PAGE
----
Surrounded by Enemies
“Because he loves me,” says the LORD, “I will rescue him; I will protect him, for he acknowledges my name.” Psalm 91:14
My nephew is a Marine chaplain who served in Afghanistan in 2010. One morning, before a convoy left the camp for combat duty, he encouraged the soldiers who attended morning devotions by reading Psalm 140.
This psalm is a prayer for protection. David began it with a plea: “Rescue me, O LORD, from evil men; protect me from men of violence, who devise evil plans in their hearts and stir up war every day.” David then described the kind of “evil” his enemies devised: poisonous words (v. 3) and hidden traps (v. 4-5).
Our troops face these kinds of enemies, both literally and symbolically, every day. They not only confront human enemies who lie to them and ambush them, but they also face the unseen enemies of depression, fear, and loneliness. David, too, encountered both types of enemies throughout his life, and he gave his strategy for fighting these combatants in the rest of the psalm.
First, he reminded himself that the Sovereign of the Universe cared about him: “You are my God” (v. 6). David also believed that the LORD listened to his prayer and would deliver him: “my strong deliverer who shields my head in the day of battle” (v. 7). Third, he was confident that God wouldn’t allow evil to triumph in the end (v. 8).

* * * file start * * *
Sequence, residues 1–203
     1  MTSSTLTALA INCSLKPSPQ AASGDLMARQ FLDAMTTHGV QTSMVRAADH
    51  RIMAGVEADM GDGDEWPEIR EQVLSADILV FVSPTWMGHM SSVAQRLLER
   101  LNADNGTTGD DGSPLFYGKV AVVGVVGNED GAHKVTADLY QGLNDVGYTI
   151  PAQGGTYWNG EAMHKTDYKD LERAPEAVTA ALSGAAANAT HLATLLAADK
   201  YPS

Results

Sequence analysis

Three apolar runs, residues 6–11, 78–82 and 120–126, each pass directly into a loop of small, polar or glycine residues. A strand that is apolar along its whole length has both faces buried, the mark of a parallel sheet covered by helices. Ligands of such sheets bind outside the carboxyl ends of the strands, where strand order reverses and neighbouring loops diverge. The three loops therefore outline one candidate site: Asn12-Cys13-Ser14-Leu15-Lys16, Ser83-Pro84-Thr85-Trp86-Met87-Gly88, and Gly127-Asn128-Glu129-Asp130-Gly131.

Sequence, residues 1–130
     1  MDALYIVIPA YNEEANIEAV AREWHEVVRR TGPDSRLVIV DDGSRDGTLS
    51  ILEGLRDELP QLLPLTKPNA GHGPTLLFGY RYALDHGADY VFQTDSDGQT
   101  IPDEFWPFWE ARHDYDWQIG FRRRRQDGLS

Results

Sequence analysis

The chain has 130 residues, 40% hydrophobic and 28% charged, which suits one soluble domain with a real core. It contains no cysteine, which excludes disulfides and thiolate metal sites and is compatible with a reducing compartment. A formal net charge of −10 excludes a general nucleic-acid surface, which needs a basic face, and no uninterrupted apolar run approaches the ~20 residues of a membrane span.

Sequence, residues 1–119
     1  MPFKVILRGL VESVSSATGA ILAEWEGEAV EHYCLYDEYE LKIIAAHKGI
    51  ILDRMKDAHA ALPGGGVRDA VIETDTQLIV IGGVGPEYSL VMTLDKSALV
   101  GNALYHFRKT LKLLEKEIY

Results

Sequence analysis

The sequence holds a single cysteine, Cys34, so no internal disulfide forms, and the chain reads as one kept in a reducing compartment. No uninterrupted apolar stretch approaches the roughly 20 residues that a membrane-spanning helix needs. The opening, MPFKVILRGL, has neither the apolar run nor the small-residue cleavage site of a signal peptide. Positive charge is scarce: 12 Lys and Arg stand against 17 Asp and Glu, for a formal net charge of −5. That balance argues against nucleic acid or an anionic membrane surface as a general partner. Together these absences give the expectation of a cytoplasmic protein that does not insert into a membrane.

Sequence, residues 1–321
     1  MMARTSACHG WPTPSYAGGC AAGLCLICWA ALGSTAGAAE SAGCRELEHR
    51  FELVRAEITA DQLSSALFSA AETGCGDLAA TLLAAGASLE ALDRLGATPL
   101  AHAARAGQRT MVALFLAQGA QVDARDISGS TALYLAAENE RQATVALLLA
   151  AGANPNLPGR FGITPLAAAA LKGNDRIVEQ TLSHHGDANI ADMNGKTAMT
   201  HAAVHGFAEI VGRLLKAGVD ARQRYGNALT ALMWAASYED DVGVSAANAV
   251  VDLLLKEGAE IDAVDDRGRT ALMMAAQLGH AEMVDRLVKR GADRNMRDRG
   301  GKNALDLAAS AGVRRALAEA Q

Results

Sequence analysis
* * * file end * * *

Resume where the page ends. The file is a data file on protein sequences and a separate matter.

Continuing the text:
David’s confidence in God’s protection and power prompted him to end the psalm in praise: “Surely the righteous will give thanks to your name; The upright will dwell in your presence” (v. 13 NASB).
David prayed for protection in verse 1; in verse 13 he acknowledged that the security he desired was found only in the presence of the Lord. Do you need protection today? Find it by taking time to dwell in the presence of the LORD–pray about the enemies you’re facing, meditate on the truths in His Word, and then praise Him for the deliverance He will surely provide.
The Hebrew word translated “protect” in Psalm 140:1 is natsar, which means “to watch, to guard, to be kept close, to be blockaded.” The noun form was used to describe the duties of a watchman (Jeremiah 31:6) and a vineyard keeper (Isaiah 27:3). What do those comparisons suggest about the kind of protection God provides for us?
In Psalm 40:11 and Psalm 61:7, natsar is translated “preserve” in the NIV. What does the psalmist say is going to preserve him?
Psalm 3 is also one of David’s prayers for protection. What similarities do you see between Psalm 3 and Psalm 140?
Denise K. Loock